Wikileaks founder Julian Assange refused bail
The founder of whistle-blowing website Wikileaks, Julian Assange, has been refused bail by a court in London but vowed to fight extradition to Sweden.
Mr Assange denies sexually assaulting two women in Sweden. He was remanded in custody pending a hearing next week.
A judge at City of Westminster Magistrates' Court refused bail because of the risk of the 39-year-old fleeing.
A Wikileaks spokesman said the arrest was an attack on media freedom and pledged to continue publishing.
After the court appearance Mr Assange's lawyer Mark Stephens said he would be applying again for bail.
He claimed the accusations were "politically motivated" and said the judge was keen to see the evidence against Mr Assange, an Australian citizen.
Mr Stephens said Wikileaks would continue to publish material and added: "We are on cable 301 and there are 250,000 secret cables."
A Downing Street spokesman said Mr Assange's arrest was "a matter for the police" and there had been no ministerial involvement.
The Pentagon welcomed the arrest, with US Defence Secretary Robert Gates saying on a visit to Afghanistan that it was "good news".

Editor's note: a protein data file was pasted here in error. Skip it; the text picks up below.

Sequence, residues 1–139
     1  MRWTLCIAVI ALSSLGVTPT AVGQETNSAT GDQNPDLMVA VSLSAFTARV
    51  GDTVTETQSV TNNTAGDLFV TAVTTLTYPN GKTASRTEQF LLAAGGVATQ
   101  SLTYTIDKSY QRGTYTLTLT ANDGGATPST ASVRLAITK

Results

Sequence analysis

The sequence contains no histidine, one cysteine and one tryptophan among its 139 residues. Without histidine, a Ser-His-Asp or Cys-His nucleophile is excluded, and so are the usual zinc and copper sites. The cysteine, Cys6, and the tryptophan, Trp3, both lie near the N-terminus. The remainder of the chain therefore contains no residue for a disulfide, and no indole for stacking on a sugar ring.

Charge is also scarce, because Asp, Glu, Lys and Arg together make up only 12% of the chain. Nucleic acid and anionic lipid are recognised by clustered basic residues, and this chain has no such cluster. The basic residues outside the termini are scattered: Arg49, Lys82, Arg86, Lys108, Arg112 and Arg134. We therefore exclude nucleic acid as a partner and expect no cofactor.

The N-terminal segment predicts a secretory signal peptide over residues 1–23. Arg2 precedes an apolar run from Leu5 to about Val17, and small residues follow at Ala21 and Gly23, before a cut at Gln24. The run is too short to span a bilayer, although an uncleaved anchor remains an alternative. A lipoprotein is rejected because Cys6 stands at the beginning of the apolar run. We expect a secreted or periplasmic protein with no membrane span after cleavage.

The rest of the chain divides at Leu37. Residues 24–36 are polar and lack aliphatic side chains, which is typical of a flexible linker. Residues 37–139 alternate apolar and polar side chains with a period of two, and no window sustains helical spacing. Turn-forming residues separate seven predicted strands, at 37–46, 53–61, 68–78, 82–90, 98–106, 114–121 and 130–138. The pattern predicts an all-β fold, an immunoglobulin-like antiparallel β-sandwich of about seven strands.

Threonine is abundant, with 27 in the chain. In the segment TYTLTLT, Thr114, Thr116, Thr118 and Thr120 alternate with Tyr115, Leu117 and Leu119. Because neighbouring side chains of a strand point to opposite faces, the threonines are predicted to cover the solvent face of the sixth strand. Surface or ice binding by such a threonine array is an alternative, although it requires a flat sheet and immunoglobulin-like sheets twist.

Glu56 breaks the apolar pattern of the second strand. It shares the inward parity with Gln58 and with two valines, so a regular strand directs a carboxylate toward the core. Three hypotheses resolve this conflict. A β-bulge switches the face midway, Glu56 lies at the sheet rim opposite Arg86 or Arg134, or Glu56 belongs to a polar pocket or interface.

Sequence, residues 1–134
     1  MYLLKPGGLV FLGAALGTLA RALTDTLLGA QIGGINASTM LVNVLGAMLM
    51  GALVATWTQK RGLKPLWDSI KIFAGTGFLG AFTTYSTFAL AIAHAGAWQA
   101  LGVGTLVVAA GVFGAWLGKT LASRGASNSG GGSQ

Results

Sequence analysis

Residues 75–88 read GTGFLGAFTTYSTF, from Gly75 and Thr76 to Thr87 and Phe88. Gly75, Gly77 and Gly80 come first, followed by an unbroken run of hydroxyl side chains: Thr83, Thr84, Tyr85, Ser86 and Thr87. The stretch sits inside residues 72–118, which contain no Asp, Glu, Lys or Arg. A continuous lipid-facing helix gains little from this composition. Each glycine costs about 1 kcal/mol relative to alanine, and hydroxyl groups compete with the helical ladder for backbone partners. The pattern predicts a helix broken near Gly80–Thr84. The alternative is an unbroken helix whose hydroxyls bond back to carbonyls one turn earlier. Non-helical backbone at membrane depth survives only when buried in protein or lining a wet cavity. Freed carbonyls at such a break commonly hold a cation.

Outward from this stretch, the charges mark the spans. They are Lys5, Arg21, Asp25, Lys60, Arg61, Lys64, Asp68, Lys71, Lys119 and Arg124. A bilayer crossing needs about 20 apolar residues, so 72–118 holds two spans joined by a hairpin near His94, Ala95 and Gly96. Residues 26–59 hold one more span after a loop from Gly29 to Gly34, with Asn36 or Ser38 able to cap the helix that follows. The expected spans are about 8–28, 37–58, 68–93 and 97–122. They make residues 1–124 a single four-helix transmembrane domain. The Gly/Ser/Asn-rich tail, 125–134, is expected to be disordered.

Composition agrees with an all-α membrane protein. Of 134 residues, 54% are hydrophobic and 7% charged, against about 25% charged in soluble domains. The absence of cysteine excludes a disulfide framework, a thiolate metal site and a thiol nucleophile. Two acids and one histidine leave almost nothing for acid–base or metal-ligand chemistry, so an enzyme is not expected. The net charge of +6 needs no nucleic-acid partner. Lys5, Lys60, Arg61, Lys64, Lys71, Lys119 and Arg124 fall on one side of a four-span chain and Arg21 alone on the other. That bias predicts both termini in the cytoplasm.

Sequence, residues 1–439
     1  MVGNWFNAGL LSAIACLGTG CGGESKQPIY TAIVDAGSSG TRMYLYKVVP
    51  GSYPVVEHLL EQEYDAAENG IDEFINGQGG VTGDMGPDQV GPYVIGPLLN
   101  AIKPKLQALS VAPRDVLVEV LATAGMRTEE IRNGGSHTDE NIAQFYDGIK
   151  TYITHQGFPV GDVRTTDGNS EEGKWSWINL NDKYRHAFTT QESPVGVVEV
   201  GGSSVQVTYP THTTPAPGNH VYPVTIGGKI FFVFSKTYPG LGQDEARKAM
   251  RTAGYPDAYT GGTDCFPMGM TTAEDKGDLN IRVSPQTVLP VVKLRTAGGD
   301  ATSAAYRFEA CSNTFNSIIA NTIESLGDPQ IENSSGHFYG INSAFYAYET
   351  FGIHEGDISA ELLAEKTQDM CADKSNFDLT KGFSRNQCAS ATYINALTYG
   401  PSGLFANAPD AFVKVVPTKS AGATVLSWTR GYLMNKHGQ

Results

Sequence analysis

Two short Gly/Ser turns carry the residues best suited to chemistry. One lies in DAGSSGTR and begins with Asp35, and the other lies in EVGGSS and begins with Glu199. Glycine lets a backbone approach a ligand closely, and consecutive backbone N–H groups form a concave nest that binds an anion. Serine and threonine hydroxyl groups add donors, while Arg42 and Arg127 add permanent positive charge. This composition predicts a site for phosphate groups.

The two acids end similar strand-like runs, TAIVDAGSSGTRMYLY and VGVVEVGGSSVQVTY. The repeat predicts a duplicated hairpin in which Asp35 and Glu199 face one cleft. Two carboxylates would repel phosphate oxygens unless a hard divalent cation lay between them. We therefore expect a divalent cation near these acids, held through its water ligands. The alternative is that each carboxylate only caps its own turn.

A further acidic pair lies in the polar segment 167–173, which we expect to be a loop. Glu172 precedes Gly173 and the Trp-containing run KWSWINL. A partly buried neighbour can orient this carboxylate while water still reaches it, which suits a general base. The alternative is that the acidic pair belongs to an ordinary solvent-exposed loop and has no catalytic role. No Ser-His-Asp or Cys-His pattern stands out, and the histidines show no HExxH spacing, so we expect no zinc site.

Prosecutors in Sweden have insisted the extradition request is a matter of criminal law and they "have not been put under any kind of pressure, political or otherwise".
Five people, including journalist John Pilger, film director Ken Loach and Jemima Khan, the sister of Conservative MP Zac Goldsmith, offered to put up sureties.
But district judge Howard Riddle refused bail for Mr Assange and he was remanded in custody until 14 December.
Judge Riddle said he believed Mr Assange might flee and he also feared he "may be at risk from unstable persons".
Gemma Lindfield, for the Swedish authorities, gave details of the allegations against Mr Assange.
- Used his body weight to hold down Miss A in a sexual manner.
- Had unprotected sex with Miss A when she had insisted on him using a condom.
- Molested Miss A "in a way designed to violate her sexual integrity".
- Had unprotected sex with Miss W while she was asleep.
One of the allegations is that he had unprotected sex with a woman, identified only as Miss A, when she insisted he use a condom.
Another is that he had unprotected sex with another woman, Miss W, while she was asleep.
Mr Assange, who was accompanied by Australian consular officials, initially refused to say where he lived but eventually gave an address in Australia.
Afterwards Ms Khan explained why she was willing to put up a surety: "I offered my support as I believe that this is about the universal right of freedom of information and our right to be told the truth."
At a full hearing, which is not likely to take place for some weeks, Mr Assange will be able to raise his arguments against extradition.
The "fast-track" European arrest warrant system is based on the concept that all the participating countries have legal systems which meet similar standards, and fully respect human rights.